This was a 12 day largely Adriatic cruise beginning in Venice and ending in Rome.
We flew into Venice via JKF and arrived early Wednesday afternoon. It took about 40 minutes to clear customs and collect luggage. We hopped on the ATVO bus and had a 20 minute ride to Piazzale Roma (8 Euro each). We had to carry our luggage across one bridge to the Olimpia Hotel, a nicely remodeled old building with either canal or wonderful garden views. We bought Vaporetto (water bus) two day passes and got 120 Euro worth of rides for 60. We were supposed to meet a walking tour that kept changing locations and the last location we were given didn't pan out. At least, we hadn't paid in advance. Instead, we rode the Vaporetto down the Grand Canal (a must do) to St. Mark's Square. The crowds were always big on both the boats and at St. Marks. We took the Vaporetto back to our hotel and went to Campo Santa Margherita (a big un-touristy plaza). We had a nice dinner and some wine at Osteria Do Torri. Thursday featured rain showers. We left the hotel and checked onto the ship. Check-in was virtually a walk through. After lunch aboard, we returned to St. Mark's Square where we had skip-the-line entry tickets (2 Euro - online). While waiting our turn, we visited the Correr Museum where we bought a joint ticket also good for the Doges Palace (skip-the-line again). We then did our tour of St. Marks. It's a cattle call. You get run through the whole church in about 10 minutes with no pictures allowed. I've seen better church interiors a dozen times. In my view, it would not be worth a 45 minute wait in line. The next morning we came back and did the Doges Palace (a must see). We then went to the famous Rialto Bridge. There is no canal view when you are on the bridge - it's blocked by shops and the crowds near the bridge are terrible. The sail-away in Venice was spectacular. It takes about an hour and there is much to see from 90 feet in the air. We were in Aqua Class and ate almost all of our meals in Blu. David, the maître d', is fantastic. He is one of the most service oriented people I've ever met. Plus, he leads from the front. He even bussed tables if the staff needed the help. Jelzko, the sommelier, was terrific. He could recommend a good wine for almost any dish. The rest of the Blu staff were first rate. I have zero complaints about any of the service we got in Blu. My only complaint about Blu would be some of the menus. Some days there were three or four great entrees on the menu. Other days there would be one or zero. I suggested to David that better balance could be achieved. Blu could also add a few more menus to create an element of surprise at dinner. When you done a few cruises in Aqua Class, you can almost predict the next evenings menu. Our cabin stewards, Romeo and Paul were excellent. Our only problems were with the TV not responding to the remote control and the problem was promptly fixed.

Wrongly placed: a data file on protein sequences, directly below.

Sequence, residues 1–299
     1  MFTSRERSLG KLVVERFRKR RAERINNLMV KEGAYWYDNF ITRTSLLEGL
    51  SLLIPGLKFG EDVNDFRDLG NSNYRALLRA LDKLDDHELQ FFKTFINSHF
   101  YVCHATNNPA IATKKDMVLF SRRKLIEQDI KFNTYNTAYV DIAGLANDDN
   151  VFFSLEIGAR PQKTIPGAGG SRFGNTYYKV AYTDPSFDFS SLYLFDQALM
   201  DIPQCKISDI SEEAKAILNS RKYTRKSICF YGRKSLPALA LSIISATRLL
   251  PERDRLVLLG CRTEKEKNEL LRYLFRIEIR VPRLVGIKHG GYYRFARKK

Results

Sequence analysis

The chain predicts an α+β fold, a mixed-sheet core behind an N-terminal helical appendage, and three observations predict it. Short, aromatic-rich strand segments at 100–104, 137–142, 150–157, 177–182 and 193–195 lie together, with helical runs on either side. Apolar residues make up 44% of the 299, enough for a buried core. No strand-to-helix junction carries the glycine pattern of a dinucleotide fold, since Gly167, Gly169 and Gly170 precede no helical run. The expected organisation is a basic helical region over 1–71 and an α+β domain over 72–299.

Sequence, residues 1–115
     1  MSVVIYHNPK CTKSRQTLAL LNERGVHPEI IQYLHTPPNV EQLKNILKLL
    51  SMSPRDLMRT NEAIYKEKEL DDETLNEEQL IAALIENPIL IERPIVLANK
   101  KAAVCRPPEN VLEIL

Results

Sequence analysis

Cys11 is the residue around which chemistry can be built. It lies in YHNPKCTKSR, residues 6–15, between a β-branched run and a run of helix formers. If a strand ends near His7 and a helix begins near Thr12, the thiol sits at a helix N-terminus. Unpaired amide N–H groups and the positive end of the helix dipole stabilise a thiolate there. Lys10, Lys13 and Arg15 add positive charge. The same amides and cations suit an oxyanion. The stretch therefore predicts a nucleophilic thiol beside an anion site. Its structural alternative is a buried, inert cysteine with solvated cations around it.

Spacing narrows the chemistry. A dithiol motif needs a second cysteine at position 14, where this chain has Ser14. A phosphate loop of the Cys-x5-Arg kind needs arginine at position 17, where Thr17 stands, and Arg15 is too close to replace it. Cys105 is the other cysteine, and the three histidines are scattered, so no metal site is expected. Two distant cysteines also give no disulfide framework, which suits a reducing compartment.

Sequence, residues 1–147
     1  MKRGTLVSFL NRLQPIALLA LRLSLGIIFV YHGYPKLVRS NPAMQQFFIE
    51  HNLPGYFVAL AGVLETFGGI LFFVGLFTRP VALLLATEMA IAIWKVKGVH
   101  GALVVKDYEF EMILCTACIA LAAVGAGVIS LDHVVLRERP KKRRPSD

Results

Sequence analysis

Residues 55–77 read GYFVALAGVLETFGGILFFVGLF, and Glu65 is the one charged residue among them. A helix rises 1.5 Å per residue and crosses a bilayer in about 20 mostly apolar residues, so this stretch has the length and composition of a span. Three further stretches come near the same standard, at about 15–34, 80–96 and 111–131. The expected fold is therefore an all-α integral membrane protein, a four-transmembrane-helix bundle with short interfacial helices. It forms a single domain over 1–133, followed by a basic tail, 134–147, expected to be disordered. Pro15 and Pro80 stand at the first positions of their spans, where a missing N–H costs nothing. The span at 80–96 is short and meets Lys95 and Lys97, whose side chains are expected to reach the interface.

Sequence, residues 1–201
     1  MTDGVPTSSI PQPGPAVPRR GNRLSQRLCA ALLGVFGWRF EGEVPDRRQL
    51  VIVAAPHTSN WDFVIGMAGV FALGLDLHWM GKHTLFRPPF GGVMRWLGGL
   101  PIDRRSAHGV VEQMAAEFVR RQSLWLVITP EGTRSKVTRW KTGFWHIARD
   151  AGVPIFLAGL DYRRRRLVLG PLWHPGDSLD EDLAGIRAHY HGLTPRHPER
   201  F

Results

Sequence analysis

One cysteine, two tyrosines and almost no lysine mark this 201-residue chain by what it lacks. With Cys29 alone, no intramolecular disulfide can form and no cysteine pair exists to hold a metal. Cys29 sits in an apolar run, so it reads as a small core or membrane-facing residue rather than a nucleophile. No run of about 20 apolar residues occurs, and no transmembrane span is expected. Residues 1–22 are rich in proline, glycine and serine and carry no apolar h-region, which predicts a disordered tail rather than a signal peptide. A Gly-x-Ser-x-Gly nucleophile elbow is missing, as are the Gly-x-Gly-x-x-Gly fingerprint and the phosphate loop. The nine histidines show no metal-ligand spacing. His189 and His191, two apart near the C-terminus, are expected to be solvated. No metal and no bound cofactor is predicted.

Ports: My wife and I like history. You will see that bias in this review. We don't hang out on the beach or do much shopping. If those are you interests, you should skip the rest of this review. Koper: They aren't cruise ship ready yet in Koper. There is little to do there so we had arranged a guided tour of Piran. It's a very well preserved city with heavy Venetian influence about 40 minutes down the coast. I would rate it as worth the money and time. Ravenna: This is pay dirt. We had a wonderful guide from Shore.Excursions who picked us up at the pier. Our group was only 16. We saw several of the old churches and Dante's tomb. The mosaics were fantastic. They were so brilliant that they looked like they were glued up yesterday. Our guide was able to explain them in serious detail as to their religious and political importance. She has the same skill that my ancient history professor had: She made these people seem like they had been her next door neighbors. Zadar: We had hired a young man for just us. He was a good driver but didn't know much history. Zadar has a few Roman ruins and a few churches, We had a nice lunch on shore. It was pizza because of the Venetian influence. Realistically, Zadar is doable in about a two hour stop and should be considered a minor port. Split: We had a good tour of Diocletian's Palace. He had it built near his birthplace after he abdicated as Roman Emperor. The guide was from Viator and knew her stuff. Unfortunately, for us, it rained almost the whole time we were on shore or we would have done more following our guided tour. Kotor: My wife had to do this alone. She was in a group of five with a local guide and enjoyed a two hour tour. Before we left home, I had developed an infection. During the cruise, I developed an uncommon but quite nasty side effect of the medication I had been taking. The ship's surgeon was able to help me but I had several unpleasant days. Dubrovnik: Except for the terrible crowds, it was excellent. We did the mountain cable cars, Old Town and the city walls, Because of the crowds it took 5 1/2 hours and was exhausting. We had a very good tour guide from Viator. Our skipper told us that our day in Dubrovnik was probably the most crowded day of the year. Seven cruise ships and a national holiday did it. Malta: Mdina is the a well preserved medieval city. Few cars are allowed in it. It has a lot of gothic and baroque buildings. We had a one hour walk-around which was worth the time. The gem is in Valletta. St. John's co-cathedral is really different. It has about 50% of the walls and ceiling covered in 18 carat gold. The interior just glows in spite of its rather small windows. Plus, it has Caravaggio's "Beheading of St. John the Baptist". It's a huge painting and it is Caravaggio's only signed work. The Grandmaster's palace is so-so with only a handful of rooms not undergoing restoration. The Barrakka Gardens give you a terrific view of the harbor. Both Mdina and Valletta were fairly crowded. A winter visit would be recommended. Catania, Sicily: This was the low point of the trip. It has several good churches and part of a Roman amphitheater. The city is built of mostly dark volcanic stone and hasn't been cleaned for 300 years. The only reasonably clean place we saw was the gelato joint we went into. There is obviously no "Pride of place." Salerno: A pretty town set at the foot of a mountain range on the Amalfi coast. I could immediately see why the western allies had such a difficult time landing here in September of '43. We took a tour bus to Pompeii. There are lots of good things to see in Pompeii, but the crowds were wretched. Our tour guide told us if we didn't want the crowds we should come between November and March. We had a late lunch on the beach in a little hole-in-the-wall restaurant. We had good pizza, but it wasn't as good as in New York. Surprisingly, no pizza on the trip was as good as New York pizza which is the best in the USA. Rome: We took a bus into Rome. It is a madhouse. We stayed at a B&B in a quiet residential neighborhood. It was reasonably priced, the room was modern, and large by Rome standards. It was also only 500 feet from a subway stop. The Rome subway is nearly as crowded as Tokyo. This was the first time in my life that we had to wait for a second train in order to board. Plus, the cars are inundated with graffiti (even the windows) as were many buildings. On day one we did Vatican City. One could spend days in the Vatican Museum. We were overdosed on antiquities and walked through in about 1 1/2 hours. While the Sistine chapel was jammed with people, it was a wonderful experience. In my view it's better than St. Peter's Basilica which is so big that it feels beyond human scale. The lines to get into the Vatican Museum (we had timed entry for the museum - four Euro extra) and St. Peter's weren't awful. We followed Rick Steves' advice of coming later in the day for St. Peters. On day two, we did the Forum and the Coliseum. The Forum surprised me with its huge extent. We spent more time in the Forum than we did in the Coliseum. Both are well worth the time. On day three, we had lunch cooked by a local in her friend's apartment. It's the first time we had Bucatini. We spent several enjoyable hours learning how to cook the dish, drinking Sardinian wine, and exchanging cultural and political views. My wife wasn't feeling well and had very sore feet, so we took it easy for the rest of the third day hanging around the local neighborhood. Our last day we headed for the airport early given it's terrible reputation for delays and hassles. We got to our boarding gate in 45 minutes. That put us two hours ahead of flight time. Go figure. They are concerned about security. We had to show our passports five times. Finally, I'll mention the unsettling part of the cruise. I'm a former hospital administrator, so I've been schooled in the importance of insuring the privacy of patient information. After my recovery from my medication side effects, I went to sick bay and requested my medical records for my insurance plan and regular doctor. It took several follow up trips to customer service to actually get them in hand. I did a cursory check and packed them for the trip home. When I got home and went to submit the records to my health plan, I found another patient had their record mixed in with mine. I immediately called Celebrity and informed them what had happened. I asked to be contacted by someone in authority who could tell me how Celebrity would improve its medical record processing to reduce the probability that events like this would happen in the future. I told Celebrity that if I got a good explanation of process improvement, I would feel no need to mention this event in the review. This is day seven with no response from Celebrity, so into the review the event goes. In accordance with patient information protection policies, I shredded the other patient's record as soon as I completed the call to Celebrity. Other than the patient medical record issue, the overall cruise was excellent.